A research team at Worcester Polytechnic Institute (WPI) has developed a revolutionary, light-activated semiconductor nanocomposite material that can be used...

Im Focus: Diamonds aren't forever: Sandia, Harvard team create first quantum computer bridge

By forcefully embedding two silicon atoms in a diamond matrix, Sandia researchers have demonstrated for the first time on a single chip all the components needed to create a quantum bridge to link quantum computers together.

"People have already built small quantum computers," says Sandia researcher Ryan Camacho. "Maybe the first useful one won't be a single giant quantum computer...

Im Focus: New Products - Highlights of COMPAMED 2016

COMPAMED has become the leading international marketplace for suppliers of medical manufacturing. The trade fair, which takes place every November and is co-located to MEDICA in Dusseldorf, has been steadily growing over the past years and shows that medical technology remains a rapidly growing market.

In 2016, the joint pavilion by the IVAM Microtechnology Network, the Product Market “High-tech for Medical Devices”, will be located in Hall 8a again and will...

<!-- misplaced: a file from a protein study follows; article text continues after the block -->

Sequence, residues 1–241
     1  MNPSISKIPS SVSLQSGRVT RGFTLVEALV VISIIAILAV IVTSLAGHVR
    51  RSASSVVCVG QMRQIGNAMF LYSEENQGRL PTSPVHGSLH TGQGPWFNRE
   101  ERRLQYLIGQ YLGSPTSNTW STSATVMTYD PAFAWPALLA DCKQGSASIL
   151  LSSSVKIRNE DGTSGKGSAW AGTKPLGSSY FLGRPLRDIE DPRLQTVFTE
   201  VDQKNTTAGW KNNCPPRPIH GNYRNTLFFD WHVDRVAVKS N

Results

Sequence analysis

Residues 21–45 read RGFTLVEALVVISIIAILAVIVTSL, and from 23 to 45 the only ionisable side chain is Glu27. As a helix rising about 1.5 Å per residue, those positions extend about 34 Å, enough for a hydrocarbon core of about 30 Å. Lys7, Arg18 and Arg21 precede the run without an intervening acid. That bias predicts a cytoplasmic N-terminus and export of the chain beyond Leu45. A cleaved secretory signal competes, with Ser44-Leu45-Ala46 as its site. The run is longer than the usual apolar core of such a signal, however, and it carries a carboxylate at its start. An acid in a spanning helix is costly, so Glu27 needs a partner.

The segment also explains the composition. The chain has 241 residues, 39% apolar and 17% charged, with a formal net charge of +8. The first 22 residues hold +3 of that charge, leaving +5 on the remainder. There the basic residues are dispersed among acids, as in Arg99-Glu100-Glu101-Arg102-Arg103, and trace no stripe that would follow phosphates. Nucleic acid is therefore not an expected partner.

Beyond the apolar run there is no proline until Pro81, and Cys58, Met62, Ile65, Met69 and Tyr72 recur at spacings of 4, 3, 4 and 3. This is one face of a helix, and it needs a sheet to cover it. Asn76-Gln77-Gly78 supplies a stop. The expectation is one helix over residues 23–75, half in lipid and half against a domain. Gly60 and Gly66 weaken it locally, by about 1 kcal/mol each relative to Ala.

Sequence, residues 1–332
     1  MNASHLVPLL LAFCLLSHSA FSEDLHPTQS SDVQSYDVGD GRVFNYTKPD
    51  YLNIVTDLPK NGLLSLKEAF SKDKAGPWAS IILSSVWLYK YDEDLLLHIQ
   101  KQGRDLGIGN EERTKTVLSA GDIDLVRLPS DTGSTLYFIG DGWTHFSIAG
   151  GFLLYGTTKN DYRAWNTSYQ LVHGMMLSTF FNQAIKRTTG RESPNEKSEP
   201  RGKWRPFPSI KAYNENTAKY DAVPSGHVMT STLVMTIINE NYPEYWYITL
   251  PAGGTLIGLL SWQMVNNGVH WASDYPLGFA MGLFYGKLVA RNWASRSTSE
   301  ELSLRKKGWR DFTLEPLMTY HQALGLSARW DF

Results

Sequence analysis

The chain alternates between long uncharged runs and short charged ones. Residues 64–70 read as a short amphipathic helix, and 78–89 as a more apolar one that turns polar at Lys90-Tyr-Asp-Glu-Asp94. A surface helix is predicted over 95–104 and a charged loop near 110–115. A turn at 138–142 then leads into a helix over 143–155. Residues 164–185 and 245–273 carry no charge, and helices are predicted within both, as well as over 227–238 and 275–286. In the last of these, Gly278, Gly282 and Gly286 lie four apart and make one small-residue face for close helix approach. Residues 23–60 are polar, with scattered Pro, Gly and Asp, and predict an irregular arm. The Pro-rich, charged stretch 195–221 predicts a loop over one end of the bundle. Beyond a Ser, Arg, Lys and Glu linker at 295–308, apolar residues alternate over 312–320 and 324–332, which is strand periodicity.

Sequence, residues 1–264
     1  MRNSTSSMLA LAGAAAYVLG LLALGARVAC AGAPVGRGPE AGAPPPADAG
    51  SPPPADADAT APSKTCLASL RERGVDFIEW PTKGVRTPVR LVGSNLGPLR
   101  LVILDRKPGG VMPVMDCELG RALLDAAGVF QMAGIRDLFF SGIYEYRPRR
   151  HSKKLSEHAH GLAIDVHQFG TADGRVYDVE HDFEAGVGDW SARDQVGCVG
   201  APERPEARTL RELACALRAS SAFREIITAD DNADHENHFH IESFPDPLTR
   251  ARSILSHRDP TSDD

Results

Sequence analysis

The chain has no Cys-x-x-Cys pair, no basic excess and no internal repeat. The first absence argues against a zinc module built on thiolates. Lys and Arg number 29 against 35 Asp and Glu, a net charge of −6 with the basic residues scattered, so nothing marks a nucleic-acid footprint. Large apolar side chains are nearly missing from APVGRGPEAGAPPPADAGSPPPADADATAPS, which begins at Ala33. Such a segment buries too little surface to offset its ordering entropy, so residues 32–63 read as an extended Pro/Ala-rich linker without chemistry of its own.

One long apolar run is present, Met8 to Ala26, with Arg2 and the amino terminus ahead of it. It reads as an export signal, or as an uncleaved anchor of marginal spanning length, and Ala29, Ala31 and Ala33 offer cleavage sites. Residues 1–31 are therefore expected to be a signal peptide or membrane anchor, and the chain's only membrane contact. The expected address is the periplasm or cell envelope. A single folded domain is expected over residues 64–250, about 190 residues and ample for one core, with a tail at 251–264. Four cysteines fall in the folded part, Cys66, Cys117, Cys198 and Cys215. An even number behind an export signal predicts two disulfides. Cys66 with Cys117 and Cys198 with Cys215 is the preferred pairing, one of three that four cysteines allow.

Im Focus: Ultra-thin ferroelectric material for next-generation electronics

'Ferroelectric' materials can switch between different states of electrical polarization in response to an external electric field. This flexibility means they show promise for many applications, for example in electronic devices and computer memory. Current ferroelectric materials are highly valued for their thermal and chemical stability and rapid electro-mechanical responses, but creating a material that is scalable down to the tiny sizes needed for technologies like silicon-based semiconductors (Si-based CMOS) has proven challenging.

Now, Hiroshi Funakubo and co-workers at the Tokyo Institute of Technology, in collaboration with researchers across Japan, have conducted experiments to...

All Focus news of the innovation-report >>>



Event News

#IC2S2: When Social Science meets Computer Science - GESIS will host the IC2S2 conference 2017

14.10.2016 | Event News

Agricultural Trade Developments and Potentials in Central Asia and the South Caucasus

14.10.2016 | Event News

World Health Summit – Day Three: A Call to Action

12.10.2016 | Event News

Latest News

Resolving the mystery of preeclampsia

21.10.2016 | Health and Medicine

Stanford researchers create new special-purpose computer that may someday save us billions

21.10.2016 | Information Technology

From ancient fossils to future cars

21.10.2016 | Materials Sciences

More VideoLinks >>>